Originality/value

Previous research investigating the moderating effect of involvement on the effects of message‐appeal types and the message source credibility of eWOM is rare. The main contribution of this study is to fill this gap.

Details

Asia Pacific Journal of Marketing and Logistics, vol. 23 no. 4
Type: Research Article
ISSN: 1355-5855

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Article
Publication date: 15 March 2021

Matthew Tingchi Liu, Jin Xue and Yongdan Liu

This study aims to examine how the clickbait headlines influence the perceived source credibility, subjective norm, perceived benefit and purchasing intention of customers…

Abstract

Purpose

This study aims to examine how the clickbait headlines influence the perceived source credibility, subjective norm, perceived benefit and purchasing intention of customers on social commerce through social media platforms in different interpersonal relationship strength scenarios.

Design/methodology/approach

A total of three studies were employed online to test the hypotheses. Study 1 used a single-factor, two-condition (clickbait: yes vs no) between-subject design. Both study 2 and study 3 employed a 2 (clickbait: yes vs no) × 2 (relationships: close friend vs stranger) between-subject design. All data were sourced randomly from 729 respondents in China. Data and models were analyzed by using SPSS and Mplus.

Findings

Study 1 illustrated that clickbait has a negative effect on perceived credibility and purchase intention, and the perceived credibility mediated the relationship between clickbait and purchase intention. Study 2 replicated such finding and demonstrated that the interpersonal relationship strength interacts with the influence from clickbait to purchase intention. Study 3 enhanced the mechanism of source credibility found in the above studies and further revealed that perceived benefit and perceived norm had a mediating role in the purchase-making process online.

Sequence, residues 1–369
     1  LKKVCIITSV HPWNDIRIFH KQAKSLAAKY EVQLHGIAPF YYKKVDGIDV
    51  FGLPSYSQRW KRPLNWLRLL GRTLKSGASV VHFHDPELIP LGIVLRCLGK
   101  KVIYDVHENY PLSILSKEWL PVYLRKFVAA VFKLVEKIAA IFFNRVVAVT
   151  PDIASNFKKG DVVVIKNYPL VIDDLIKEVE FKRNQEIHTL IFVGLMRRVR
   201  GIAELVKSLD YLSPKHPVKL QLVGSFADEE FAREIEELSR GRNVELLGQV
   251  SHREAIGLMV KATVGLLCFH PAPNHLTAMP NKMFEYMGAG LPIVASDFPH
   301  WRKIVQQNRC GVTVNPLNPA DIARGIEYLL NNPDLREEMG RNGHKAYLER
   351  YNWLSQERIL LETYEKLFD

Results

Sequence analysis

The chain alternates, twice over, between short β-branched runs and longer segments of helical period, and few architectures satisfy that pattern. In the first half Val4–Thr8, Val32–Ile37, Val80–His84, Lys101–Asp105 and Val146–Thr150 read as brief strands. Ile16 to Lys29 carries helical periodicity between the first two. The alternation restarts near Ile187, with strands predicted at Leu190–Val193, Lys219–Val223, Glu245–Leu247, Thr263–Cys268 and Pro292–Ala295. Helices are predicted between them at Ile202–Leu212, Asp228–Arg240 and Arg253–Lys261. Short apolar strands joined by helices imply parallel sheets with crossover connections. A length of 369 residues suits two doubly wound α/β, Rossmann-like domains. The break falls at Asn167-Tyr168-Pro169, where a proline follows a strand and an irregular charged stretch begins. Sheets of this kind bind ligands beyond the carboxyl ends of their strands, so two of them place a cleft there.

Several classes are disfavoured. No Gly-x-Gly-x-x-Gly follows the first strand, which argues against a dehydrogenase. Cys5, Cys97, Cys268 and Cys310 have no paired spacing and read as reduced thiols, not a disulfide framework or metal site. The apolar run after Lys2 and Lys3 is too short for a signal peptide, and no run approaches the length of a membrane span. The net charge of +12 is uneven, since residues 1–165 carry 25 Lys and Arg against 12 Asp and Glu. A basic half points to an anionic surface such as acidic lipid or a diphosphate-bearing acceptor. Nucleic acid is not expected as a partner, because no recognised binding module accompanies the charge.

Originality/value

Research efforts to date concentrate on how to detect and reduce clickbait headlines. This paper adopts a different perspective, considering the consequences of clickbait in the marketing domain. This study reveals the effects of clickbait on purchase intention and the mechanism behind this process under different scenarios.

Details

Asia Pacific Journal of Marketing and Logistics, vol. 33 no. 9
Type: Research Article
ISSN: 1355-5855

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Article
Publication date: 20 June 2020

Ahmad Daowd, Ruaa Hasan, Tillal Eldabi, Piyya Muhammad Rafi-ul-Shan, Dongmei Cao and Naphat Kasemsarn